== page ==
UT Southwestern receives $8.725 million renewal grant from NIH for kidney stone research
DALLAS – July 11, 2003 – The National Institutes of Health has renewed a projected $8.725 million, five-year grant to UT Southwestern Medical Center at Dallas to support the longest-running, federally funded research program on kidney stones in the country.
NIH program grants are awarded for projects that have a well-defined central research focus or theme. UT Southwestern’s first kidney-stone grant was awarded in 1972.
The new grant will allow researchers in the Center for Mineral Metabolism and Clinical Research to focus on five areas:
- The gene found by UT Southwestern researchers to be responsible for absorptive hypercalciuria (too much calcium in urine caused by increased intestinal absorption);
- The relationship of uric acid stone formation and insulin resistance;
- The effect of ingested animal proteins in promoting kidney stones by creating a citrate deficiency in urine;
- The role of estrogen in calcium handling by the kidney and kidney-stone formation; and
- The importance of calcium and oxalate in stone formation.
“Our group has long been recognized for metabolic studies and in-depth evaluation of patients,” said Dr. Charles Y. Pak, director of the Center for Mineral Metabolism and Clinical Research and the Robert T. Hayes Center for Mineral Metabolism Research. “Now, we want to make sure the proposed metabolic studies are closely linked with complementary cellular-molecular studies. We also want to know why intestinal calcium absorption is increased in absorptive hypercalciuria and why urine is unusually acidic in gouty diathesis (uric acid stone formation from abnormally acidic urine).”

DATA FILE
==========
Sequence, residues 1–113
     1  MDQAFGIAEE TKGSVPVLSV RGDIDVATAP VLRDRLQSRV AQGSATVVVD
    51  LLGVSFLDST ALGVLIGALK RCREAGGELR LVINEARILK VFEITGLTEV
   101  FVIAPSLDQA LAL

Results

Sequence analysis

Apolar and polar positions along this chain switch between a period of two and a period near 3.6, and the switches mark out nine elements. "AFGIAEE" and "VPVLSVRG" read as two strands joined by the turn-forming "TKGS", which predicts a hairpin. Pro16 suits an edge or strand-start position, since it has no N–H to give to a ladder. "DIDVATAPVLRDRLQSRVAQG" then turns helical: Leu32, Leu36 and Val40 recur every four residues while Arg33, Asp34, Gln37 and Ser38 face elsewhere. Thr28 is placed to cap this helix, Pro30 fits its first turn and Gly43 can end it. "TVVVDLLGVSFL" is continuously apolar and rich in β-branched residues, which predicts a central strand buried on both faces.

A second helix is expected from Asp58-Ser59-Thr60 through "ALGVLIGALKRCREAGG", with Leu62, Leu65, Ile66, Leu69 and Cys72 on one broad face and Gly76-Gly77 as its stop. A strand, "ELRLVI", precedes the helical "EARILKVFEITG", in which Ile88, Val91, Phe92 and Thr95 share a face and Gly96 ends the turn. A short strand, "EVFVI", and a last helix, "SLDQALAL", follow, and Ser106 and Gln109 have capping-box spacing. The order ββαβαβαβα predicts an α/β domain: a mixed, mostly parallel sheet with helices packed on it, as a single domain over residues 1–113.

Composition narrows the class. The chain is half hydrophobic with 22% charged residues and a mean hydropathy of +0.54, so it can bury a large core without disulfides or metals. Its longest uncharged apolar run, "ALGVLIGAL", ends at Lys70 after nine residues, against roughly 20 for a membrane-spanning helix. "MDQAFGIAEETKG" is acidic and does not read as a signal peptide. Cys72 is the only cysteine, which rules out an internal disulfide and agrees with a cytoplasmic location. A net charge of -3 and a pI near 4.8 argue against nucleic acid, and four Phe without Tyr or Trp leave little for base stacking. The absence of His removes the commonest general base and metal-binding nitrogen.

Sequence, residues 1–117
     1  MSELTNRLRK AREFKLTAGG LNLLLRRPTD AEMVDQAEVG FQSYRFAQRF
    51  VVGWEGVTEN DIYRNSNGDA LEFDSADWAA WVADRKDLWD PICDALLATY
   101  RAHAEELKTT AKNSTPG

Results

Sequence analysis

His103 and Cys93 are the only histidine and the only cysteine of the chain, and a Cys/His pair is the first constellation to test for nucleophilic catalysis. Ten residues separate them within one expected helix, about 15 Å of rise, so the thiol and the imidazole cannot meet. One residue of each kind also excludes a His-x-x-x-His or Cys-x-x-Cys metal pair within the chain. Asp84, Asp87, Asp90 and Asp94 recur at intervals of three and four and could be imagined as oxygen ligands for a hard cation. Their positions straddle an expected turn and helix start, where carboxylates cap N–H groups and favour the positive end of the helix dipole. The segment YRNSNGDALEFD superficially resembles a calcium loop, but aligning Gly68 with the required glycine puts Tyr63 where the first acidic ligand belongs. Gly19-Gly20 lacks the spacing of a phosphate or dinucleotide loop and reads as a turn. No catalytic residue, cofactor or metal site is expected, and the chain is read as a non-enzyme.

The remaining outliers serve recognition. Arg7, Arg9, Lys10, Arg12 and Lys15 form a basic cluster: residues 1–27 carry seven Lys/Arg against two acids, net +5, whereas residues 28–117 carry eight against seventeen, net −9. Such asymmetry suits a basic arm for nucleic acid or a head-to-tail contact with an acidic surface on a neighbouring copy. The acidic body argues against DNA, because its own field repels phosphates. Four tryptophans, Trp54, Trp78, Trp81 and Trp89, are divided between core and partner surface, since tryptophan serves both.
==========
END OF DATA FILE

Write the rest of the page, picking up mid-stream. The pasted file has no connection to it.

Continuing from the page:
Earlier NIH-supported research has focused on the pathogenesis of kidney stone formation, formulation of a diagnostic test that can uncover abnormalities in urine responsible for forming stones, and the development of pharmaceuticals – including the world’s leading drug for this condition, Urocit-K – to prevent recurrence of stones. The mineral metabolism group has developed a computerized registry of more than 2,000 patients with recurrent kidney stones as a result of the last three decades of research.
Dr. Orson Moe, associate professor of internal medicine and deputy director of the Center for Mineral Metabolism and Clinical Research, has been responsible for integrating metabolic-clinical studies and cellular-molecular efforts in seeking to extend the UT Southwestern research and is co-principal investigator on the overall grant and on one of the five study areas.
Other principal investigators on individual projects are Dr. Khashayar Sakhaee, GCRC program director and chief of mineral metabolism; Dr. Joseph Zerwekh, professor of internal medicine; Dr. Patricia Preisig, professor of internal medicine; Dr. Margaret Pearle, associate professor of urology; and Dr. Chou-Long Huang, associate professor of internal medicine.
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